How do marketing teams measure their success? Since marketing encompasses so many functions, it can be difficult to get an accurate picture of performance.
Most marketing leaders rely on measurement — looking at current performance compared to goals and past performance.
But in a new ebook, 6sense CMO Latané Conant argues that marketing teams can gain a better sense of their achievements by incorporating benchmarking — bringing in a wider perspective by looking at performance compared to the overall industry.
Here’s a closer look at what’s in the ebook, Embrace Benchmarking to Discover How Your Marketing Stacks Up.
Look Outward to Evaluate Internal Achievement
“If you aspire to be a Chief Market Officer — i.e., the voice of the market within your company — benchmarking is essential,” Conant writes in the book. “Without it, you can’t accurately develop a market point of view.”
Looking at competitors and industry standards can bring perspective to your team’s work in a way that a narrow internal focus can’t. Consider these questions Conant poses:
- How is your team managing resources and time compared to similar companies?
- How is it managing those things compared to competitors?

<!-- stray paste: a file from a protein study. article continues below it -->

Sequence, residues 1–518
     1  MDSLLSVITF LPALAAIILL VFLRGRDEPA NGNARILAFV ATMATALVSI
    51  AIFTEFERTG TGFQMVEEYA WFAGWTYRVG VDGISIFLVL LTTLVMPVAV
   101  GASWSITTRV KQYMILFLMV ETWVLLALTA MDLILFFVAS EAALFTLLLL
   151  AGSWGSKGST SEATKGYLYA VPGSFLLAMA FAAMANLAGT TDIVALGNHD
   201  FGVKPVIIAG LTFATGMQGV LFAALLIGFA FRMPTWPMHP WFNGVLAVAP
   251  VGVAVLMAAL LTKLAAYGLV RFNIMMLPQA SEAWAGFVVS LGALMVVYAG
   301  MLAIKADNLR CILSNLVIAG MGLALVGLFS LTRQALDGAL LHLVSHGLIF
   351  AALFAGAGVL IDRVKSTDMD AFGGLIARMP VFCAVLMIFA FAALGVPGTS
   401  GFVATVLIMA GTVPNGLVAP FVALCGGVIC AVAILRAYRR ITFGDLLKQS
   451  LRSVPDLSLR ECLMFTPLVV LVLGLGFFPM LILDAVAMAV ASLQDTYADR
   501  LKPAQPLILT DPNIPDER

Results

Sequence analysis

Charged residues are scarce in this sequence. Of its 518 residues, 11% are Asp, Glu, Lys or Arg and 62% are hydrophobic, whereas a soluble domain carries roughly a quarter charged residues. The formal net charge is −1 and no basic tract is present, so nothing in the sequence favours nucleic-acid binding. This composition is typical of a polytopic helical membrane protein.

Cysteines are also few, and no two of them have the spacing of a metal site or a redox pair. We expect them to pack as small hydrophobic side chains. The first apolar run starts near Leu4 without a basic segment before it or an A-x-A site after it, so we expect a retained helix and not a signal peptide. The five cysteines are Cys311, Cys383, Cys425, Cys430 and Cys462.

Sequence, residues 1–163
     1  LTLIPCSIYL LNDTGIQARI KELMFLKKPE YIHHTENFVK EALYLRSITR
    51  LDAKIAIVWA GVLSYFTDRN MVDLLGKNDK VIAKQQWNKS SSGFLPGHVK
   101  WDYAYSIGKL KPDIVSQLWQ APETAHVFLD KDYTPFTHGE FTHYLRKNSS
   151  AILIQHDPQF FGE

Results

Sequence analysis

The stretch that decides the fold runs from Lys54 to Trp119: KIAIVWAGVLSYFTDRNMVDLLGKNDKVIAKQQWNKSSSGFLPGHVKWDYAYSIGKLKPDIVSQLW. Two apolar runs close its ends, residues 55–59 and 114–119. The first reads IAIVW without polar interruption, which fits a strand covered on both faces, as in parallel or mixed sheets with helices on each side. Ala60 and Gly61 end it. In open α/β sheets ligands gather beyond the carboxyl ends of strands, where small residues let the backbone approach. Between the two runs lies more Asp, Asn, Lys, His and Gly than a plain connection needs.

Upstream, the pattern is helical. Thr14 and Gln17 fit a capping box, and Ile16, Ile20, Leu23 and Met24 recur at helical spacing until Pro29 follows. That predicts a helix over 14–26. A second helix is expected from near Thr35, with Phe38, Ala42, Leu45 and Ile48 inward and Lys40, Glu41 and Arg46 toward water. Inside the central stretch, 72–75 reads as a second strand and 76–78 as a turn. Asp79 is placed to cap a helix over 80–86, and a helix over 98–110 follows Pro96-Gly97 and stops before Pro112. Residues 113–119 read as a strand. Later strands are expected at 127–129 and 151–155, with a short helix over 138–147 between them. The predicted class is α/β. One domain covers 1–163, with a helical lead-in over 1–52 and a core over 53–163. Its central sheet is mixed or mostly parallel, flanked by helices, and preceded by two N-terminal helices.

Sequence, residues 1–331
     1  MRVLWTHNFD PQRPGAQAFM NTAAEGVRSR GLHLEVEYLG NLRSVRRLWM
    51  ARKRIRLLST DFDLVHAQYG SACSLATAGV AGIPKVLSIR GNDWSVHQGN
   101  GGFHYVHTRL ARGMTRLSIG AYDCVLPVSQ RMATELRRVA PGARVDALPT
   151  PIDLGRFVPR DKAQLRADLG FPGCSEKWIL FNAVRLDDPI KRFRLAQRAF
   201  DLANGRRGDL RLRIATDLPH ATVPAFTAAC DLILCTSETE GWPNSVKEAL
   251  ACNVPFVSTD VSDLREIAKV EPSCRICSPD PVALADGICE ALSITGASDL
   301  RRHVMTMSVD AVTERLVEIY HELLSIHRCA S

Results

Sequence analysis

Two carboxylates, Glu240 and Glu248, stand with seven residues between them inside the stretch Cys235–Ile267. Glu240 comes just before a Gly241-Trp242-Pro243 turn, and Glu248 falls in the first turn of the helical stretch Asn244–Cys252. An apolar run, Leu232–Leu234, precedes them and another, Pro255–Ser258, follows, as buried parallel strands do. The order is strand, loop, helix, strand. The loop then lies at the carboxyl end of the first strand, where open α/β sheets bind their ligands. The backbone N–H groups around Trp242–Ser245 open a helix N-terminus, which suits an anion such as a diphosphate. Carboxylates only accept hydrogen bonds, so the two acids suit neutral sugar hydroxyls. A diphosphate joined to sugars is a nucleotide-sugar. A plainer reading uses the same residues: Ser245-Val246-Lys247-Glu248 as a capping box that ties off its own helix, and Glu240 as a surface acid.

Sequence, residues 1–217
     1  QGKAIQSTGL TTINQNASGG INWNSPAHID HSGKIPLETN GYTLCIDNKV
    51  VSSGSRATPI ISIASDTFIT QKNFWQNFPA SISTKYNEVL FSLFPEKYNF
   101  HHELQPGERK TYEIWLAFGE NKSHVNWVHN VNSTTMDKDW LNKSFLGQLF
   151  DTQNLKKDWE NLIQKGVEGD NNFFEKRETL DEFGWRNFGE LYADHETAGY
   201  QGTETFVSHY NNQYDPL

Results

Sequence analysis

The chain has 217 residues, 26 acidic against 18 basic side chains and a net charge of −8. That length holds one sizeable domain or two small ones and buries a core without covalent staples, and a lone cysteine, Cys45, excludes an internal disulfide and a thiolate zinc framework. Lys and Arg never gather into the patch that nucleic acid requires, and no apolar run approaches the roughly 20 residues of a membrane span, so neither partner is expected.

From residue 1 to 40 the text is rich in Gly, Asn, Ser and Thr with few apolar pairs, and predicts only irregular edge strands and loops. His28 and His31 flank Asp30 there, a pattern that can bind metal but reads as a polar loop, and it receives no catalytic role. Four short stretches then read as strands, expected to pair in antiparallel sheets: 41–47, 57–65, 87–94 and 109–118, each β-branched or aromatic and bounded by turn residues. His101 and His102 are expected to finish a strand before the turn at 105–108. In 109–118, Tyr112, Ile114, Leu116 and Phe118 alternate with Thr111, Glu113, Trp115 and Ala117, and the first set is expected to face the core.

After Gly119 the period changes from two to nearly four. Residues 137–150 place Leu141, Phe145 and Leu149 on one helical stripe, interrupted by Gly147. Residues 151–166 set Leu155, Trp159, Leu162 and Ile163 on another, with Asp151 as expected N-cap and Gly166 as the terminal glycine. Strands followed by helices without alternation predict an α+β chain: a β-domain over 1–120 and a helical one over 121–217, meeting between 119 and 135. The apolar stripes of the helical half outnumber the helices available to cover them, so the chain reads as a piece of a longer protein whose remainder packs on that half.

- What is your organization missing out on, or excelling at?
What to Benchmark
Because marketing is so multifaceted and marketers busy in so many areas, Conant advises benchmarking in numerous ways as well. Some of the benchmarks she uses with her own team include:
- Comparative: How do you compare to direct competitors? Best-in-class companies? Organizations in the same general industry?
- Functional: Against any of those comparative standards, how does your team measure up in terms of content marketing? Events? Social media? Public relations?
After choosing which comparative and functional benchmarks you want to review, you can create a matrix to help you evaluate your team. Conant includes more details and examples in the free ebook.
Marketing Apples and Oranges
But benchmarking isn’t as simple as a direct comparison, Contant warns. “The first time I did this, I realized that my team of 20 marketers was dwarfed by our largest competitor, which had 63. That’s useful to know because it helped me see how much we were accomplishing with a much smaller team.”
The goal of benchmarking isn’t to aim to come out on top in every measurement. It’s to keep an eye on where you and your competitive and collegial companies are spending efforts, and what kind of results those are yielding.
Get the Full Story Now
Details on how Conant guides her team through their regular benchmarking exercises, what the results mean, and how to apply lessons learned are all in the free ebook, Embrace Benchmarking to Discover How Your Marketing Stacks Up.
Marketing leaders who are ready to take their teams to the next level can grab a copy now.